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Fellow tackles human rights protection in war and peacetime

January 01, 2010 12:00 AM
        

 



Ashika Singh, right, now a Forrester Fellow at Tulane Law School, provides legal assistance in 2014 to the U.S. State Department team as it presents before the United Nations Committee Against Torture in Geneva. (State Department photos by Eric Bridiers)

 

As a high schooler in Hong Kong, Ashika Singh tackled daunting contemporary issues during debate competitions against students in Beijing and Seoul and collaborated with other teens at a Model United Nations to solve international problems.
 
But her subsequent work as a lawyer at the U.S. State Department taught her a sober lesson: “It works well in high school; it gets difficult when you get in the real world,” she said.

“It’s a war of ideas as much as a war on the battlefield.”

Ashika Singh, Forrester Fellow

 
Now a Forrester Fellow at Tulane Law School, Singh is delving as a scholar into the kinds of legal quandaries she saw in practice during four years as State Department attorney-adviser handling assignments involving the Benghazi attack, Guantanamo Bay detainees and other international law matters.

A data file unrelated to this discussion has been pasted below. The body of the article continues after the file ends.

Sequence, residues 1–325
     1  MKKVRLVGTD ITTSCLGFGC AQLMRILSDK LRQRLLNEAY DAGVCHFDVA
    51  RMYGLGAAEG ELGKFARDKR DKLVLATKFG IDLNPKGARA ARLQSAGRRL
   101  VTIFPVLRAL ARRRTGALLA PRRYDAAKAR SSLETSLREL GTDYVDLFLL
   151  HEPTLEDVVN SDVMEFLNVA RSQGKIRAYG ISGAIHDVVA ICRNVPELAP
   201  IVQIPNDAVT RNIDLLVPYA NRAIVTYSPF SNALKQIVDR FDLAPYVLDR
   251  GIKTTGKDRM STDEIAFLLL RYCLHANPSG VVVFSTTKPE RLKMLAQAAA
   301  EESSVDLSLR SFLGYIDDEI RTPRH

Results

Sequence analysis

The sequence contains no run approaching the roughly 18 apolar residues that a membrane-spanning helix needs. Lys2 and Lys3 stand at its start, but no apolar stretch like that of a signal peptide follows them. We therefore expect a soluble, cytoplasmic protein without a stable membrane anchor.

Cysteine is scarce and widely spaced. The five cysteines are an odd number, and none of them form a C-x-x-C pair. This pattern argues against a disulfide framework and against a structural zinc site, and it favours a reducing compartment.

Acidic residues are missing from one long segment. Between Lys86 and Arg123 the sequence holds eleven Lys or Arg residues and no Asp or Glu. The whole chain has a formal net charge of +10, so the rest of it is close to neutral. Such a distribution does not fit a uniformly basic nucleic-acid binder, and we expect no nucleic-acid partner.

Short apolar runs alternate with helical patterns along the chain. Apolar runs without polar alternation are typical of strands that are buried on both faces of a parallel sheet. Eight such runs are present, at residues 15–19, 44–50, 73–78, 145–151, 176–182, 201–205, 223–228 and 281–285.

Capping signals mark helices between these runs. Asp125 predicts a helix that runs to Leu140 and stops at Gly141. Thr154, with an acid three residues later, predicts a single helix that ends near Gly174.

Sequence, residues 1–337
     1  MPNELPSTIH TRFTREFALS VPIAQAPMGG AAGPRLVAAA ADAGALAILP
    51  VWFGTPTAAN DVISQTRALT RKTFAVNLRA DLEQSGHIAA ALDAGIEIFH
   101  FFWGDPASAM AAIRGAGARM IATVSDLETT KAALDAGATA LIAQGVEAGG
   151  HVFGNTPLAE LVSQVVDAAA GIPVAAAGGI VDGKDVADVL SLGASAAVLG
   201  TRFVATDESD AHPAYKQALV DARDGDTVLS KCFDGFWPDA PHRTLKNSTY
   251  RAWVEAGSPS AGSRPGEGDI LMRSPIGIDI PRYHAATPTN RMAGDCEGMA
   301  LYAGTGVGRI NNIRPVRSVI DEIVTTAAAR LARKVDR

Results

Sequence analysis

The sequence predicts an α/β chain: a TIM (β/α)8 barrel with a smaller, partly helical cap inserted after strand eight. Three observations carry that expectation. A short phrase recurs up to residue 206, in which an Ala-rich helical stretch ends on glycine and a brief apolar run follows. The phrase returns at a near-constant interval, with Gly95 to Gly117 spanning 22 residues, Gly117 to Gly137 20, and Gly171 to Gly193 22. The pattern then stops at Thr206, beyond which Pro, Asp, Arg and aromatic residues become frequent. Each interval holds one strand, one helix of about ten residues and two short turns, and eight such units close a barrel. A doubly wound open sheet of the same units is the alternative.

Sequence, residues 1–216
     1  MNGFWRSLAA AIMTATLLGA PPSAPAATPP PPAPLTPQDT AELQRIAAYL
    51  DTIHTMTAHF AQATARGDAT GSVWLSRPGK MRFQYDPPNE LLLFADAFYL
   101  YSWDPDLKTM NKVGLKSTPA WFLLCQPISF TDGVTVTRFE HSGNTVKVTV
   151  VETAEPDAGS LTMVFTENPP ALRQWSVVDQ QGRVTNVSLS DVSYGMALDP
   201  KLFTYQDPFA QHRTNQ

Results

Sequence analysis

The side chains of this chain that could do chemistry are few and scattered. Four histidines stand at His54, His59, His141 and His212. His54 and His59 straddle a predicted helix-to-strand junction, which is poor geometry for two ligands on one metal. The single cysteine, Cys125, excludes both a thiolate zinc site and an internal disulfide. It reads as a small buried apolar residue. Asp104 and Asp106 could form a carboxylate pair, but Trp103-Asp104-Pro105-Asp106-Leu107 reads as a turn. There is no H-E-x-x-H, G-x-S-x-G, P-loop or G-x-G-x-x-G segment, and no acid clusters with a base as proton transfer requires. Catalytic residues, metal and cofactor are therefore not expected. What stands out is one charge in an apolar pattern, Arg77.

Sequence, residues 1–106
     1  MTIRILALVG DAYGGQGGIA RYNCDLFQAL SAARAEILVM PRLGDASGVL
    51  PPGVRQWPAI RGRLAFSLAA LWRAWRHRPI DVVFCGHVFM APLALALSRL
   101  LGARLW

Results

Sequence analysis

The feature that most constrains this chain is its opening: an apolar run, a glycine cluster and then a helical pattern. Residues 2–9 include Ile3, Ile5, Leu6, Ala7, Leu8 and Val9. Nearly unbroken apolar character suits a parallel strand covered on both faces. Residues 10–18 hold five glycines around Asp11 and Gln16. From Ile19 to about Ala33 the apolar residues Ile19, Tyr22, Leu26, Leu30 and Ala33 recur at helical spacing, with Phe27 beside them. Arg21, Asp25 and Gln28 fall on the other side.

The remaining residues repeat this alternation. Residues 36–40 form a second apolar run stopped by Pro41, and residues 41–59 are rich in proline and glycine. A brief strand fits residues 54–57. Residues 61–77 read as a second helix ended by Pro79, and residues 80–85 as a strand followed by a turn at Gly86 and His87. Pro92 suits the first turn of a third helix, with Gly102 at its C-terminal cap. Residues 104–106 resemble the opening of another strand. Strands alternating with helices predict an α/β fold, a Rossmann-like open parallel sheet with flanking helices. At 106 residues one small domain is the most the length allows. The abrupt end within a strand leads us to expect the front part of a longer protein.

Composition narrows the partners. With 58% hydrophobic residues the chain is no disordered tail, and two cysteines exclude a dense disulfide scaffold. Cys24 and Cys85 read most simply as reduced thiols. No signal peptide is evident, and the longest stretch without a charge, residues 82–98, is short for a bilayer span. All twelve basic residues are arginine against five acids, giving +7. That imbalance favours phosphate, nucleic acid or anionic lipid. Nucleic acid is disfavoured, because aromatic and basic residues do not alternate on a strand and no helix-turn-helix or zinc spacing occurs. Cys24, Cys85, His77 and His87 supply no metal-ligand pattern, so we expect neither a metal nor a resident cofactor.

She is writing a paper that develops a framework for guiding choices to protect human rights during wartime.
 
That work grew out of Singh’s involvement in the United States’ presentation before the United Nations Committee Against Torture on compliance with obligations to prevent torture and cruel treatment.
 
She worked with the State Department team that represented the U.S. in Geneva in 2014, which provided insight into the difficulty of interpreting and applying the law in the face of morphing terrorism threats.
 
“The U.S. is one of the leading figures in the development of human rights law,” while ISIS accepts slavery, torture and other brutal practices, she said. “If we have to defeat them by resorting to their tactics, who’s really won in the end? It’s a war of ideas as much as a war on the battlefield.”
 
Singh served under Secretaries of State Hillary Clinton and John Kerry. One of her first major tasks was advising the Accountability Review Board that conducted a comprehensive study of the 2012 attack on the U.S. compound in Benghazi, Libya, that killed four Americans.
 
Through the two-year Forrester Fellowship, Singh is teaching Tulane law students legal research and writing while pursuing her scholarship, with the goal of eventually teaching international law.
 
Linda P. Campbell is Tulane Law School’s director of communications.